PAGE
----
Health and Safety in Construction Site Management

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Construction as a vocation is an inherently dangerous one – something that not many in the UK will need explaining. Construction sites are hazardous places, and the risk of injury or death is dramatically higher than in the vast majority of other workplaces.

Health and safety, then, is one of the more important considerations for management and executives in construction firms or contractors. The safety of staff is paramount for numerous reasons, least of which is the profitability and longevity of the business or project in question. 

Profitability and Duty of Cares

The injurious nature of the workplace should be a moral concern more than a financial one, but the threat of industrial civil claims against contracting firms should be incentive enough for executive staff to greenlight expenditure above and beyond the bare legal minimum.

Construction managers and supervisors have a duty of care to their workers, and a moral imperative as well as a legal one to ensure their day-to-day work is safe as can be. As a construction site manager, what are some essential ways to promote health and safety on site?

Construction and Injury

In order to understand the profound importance of health and safety leadership in construction management roles, it might first be useful to examine some of the statistics associated with injury in the UK construction industry.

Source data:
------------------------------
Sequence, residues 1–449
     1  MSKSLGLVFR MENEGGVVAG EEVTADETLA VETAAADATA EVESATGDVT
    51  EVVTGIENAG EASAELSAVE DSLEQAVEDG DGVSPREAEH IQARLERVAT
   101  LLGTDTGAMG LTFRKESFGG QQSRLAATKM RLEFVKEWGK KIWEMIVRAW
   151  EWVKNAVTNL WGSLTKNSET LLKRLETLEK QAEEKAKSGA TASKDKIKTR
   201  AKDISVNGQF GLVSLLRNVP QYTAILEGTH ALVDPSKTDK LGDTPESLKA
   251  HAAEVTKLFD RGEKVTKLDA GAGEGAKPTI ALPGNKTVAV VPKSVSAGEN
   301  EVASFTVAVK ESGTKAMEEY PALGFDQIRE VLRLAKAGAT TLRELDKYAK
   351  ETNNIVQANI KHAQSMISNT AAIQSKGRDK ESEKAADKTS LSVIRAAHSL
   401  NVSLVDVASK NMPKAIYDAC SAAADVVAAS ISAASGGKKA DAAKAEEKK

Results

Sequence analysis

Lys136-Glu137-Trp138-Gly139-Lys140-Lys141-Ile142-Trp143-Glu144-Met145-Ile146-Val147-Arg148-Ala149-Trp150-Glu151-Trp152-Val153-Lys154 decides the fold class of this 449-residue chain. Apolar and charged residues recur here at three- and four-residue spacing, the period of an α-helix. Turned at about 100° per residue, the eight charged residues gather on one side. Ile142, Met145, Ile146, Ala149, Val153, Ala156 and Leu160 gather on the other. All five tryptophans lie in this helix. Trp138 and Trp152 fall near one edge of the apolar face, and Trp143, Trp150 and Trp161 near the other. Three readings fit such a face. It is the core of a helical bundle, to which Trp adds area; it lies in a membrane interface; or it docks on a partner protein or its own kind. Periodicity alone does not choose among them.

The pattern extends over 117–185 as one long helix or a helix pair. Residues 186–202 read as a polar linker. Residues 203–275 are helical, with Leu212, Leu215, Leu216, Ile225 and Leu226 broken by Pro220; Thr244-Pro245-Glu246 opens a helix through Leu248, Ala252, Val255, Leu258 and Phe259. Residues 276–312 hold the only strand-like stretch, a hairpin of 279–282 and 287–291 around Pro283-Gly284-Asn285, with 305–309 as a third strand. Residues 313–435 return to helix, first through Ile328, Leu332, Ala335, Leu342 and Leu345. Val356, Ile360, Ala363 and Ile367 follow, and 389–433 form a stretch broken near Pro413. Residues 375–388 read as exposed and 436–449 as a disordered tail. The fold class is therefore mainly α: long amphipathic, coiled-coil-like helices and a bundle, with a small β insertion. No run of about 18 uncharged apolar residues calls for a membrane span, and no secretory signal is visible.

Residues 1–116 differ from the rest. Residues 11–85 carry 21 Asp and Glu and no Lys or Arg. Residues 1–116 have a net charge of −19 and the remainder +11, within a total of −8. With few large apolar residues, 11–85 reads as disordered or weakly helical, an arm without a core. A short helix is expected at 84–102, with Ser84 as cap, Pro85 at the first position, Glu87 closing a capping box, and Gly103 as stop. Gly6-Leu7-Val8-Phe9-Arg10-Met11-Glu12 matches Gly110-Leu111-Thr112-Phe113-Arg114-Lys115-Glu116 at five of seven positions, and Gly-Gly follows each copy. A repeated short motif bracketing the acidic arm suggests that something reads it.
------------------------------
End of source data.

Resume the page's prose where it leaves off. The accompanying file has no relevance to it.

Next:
It is no coincidence that, of the data collected by the Health and Safety Executive (HSE), construction is one of the most injurious industries in the country. According to Labour Force Survey statistics reported by HSE, construction had the second-highest rate of non-fatal workplace injury – with an annual average of 2,880 injuries. 

In terms of fatal injuries, the most recent statistic is a sobering one. The number of fatal incidents in construction increased by 50% between 2021-22 and 22-23, with 45 deaths resulting from an on-site construction accident or incident. 

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Risk Assessment

Risk assessment is the most important part of the health and safety process when it comes to construction. Not only do risk assessments provide a comprehensive analysis of site risks, but also accountability for those responsible for addressing them. Risks are identified on-site, and potential solutions ideated in real time. Implementation of these solutions is delegated to a relevant supervisor or worker, ensuring there is a direct line of command and point of contact for issues relating to the specific risk identified.

PPE and Training

While the solutions for such risks would ideally involve elimination or substitution of each risk, this is often not possible. In such cases, PPE – as a ‘last resort’ for protection from hazards – plays a vital role. All construction sites should be providing adequate PPE free of cost to workers on site, as well as providing training in the proper and effective use of said PPE.

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